Ionian Isles and Greece, designed by John Tallis and published in London in 1851, encapsulates the rich topography and cultural landscape of Greece and the Ionian Isles during the mid-19th century. Set against the larger geopolitical background, Greece is defined to the north by its border with Turkey, a vestige of the lingering Ottoman dominion. This map is further accentuated by evocative vignettes, including an ancient war chariot, the Temple of Jupiter on Mt. Olympus, Greek Corsairs navigating near Corfu, a contemporary Greek figure, and a scene of wrestlers.
The mid-19th century was a pivotal moment for the region. The decades leading up to this period witnessed Greece's struggle for independence from the Ottoman Empire, culminating in its recognition as a sovereign nation in 1832. This map, delineating the areas still under Ottoman influence, provides a nuanced depiction of the evolving nation-state boundaries. Interestingly, the Ionian Isles, shaded in pink, represent a distinct colonial past, as they were under British jurisdiction during this period. This colonial interlude is further hinted at by the incorporation of their Venetian appellations, such as Corfu, Val di Compare, and Santa Maura.
The map's aesthetics, under the artistic direction of John Tallis, elegantly intertwine with its topographical information. Tallis, renowned as one of the final luminaries in the era of decorative cartography, suffused his maps with detailed vignettes that offer glimpses into the indigenous customs, landscapes, and architectural wonders of the regions they depict. This particular work stands as a testament to Tallis's celebrated style, as it pairs geographical specificity with rich cultural depictions.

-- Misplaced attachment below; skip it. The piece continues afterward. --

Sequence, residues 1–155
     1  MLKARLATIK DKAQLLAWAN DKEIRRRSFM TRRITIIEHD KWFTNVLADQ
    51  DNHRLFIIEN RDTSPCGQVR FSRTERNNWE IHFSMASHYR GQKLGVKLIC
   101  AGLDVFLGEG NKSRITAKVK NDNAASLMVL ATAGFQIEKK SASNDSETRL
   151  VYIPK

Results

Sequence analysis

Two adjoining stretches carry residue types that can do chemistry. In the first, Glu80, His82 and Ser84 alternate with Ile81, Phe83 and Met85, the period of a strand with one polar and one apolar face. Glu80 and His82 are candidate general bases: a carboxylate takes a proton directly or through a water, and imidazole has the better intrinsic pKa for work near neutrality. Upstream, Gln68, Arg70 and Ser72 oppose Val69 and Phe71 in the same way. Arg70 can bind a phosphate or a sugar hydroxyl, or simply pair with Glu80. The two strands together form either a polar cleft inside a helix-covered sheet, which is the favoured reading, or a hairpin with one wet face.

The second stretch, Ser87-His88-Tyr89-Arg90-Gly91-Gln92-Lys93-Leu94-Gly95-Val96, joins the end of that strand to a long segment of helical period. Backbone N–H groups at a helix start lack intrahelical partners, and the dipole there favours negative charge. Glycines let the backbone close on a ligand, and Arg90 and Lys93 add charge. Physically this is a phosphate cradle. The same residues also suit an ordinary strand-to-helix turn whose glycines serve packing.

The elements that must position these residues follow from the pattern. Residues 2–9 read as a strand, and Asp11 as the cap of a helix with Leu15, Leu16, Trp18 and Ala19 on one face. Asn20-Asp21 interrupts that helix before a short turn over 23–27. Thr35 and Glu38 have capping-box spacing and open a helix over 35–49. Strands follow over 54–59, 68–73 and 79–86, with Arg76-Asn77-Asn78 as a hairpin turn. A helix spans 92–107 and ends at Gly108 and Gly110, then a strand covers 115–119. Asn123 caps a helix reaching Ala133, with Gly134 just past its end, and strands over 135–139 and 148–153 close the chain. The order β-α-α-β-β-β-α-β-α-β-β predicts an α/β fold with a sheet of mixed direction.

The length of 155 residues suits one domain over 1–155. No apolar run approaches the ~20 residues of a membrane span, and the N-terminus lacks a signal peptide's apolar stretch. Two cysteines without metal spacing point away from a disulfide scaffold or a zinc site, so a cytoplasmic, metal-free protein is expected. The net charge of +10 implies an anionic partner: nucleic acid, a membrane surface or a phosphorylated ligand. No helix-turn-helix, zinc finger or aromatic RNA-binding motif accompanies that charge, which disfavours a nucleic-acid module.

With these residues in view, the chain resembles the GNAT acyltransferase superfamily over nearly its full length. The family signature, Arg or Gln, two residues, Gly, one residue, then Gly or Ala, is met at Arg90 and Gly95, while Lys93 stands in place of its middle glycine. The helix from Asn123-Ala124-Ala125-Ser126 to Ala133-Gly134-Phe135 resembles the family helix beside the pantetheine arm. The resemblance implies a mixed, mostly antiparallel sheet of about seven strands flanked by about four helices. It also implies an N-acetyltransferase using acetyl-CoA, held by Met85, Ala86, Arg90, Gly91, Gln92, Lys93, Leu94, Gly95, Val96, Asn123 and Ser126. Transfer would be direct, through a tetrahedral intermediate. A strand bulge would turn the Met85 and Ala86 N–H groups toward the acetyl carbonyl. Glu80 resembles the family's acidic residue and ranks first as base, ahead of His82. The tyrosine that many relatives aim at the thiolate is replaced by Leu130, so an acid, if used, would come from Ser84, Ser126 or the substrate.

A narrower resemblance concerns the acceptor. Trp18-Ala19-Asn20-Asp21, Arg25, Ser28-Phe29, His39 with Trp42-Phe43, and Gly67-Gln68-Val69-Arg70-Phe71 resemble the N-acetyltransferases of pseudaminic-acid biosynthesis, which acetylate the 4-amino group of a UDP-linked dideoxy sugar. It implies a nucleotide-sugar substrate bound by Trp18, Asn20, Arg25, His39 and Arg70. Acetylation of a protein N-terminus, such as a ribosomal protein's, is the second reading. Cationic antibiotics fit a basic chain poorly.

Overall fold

Integral to the map's historical context is its association with R. Montgomery Martin's Illustrated Atlas. Martin's atlas, known for its comprehensive coverage and visual richness, lends further gravitas to this specific representation of Greece and the Ionian Isles, framing it within a larger narrative of global cartography and exploration during the Victorian era.
John Tallis (1817-1876) was a British map publisher. Born in the Midlands, Tallis came to London in the 1840s. Tallis began his London career with a series of remarkable London street views. He began a partnership with a Frederick Tallis, possibly his brother, but their collaboration ended in 1849. For the Great Exhibition of 1851, Tallis published the Illustrated World Atlas, one of the last series of decorative world maps ever produced. The maps were engraved by John Rapkin, a skilled artisan. The maps were later reissued by the London Printing & Publishing Company, who left the Tallis imprint intact, thus ensuring his enduring fame. In 1858, he began publication of the popular Illustrated News of the World and National Portrait Gallery of Eminent Personages, selling it in 1861 (it ceased publication in 1863).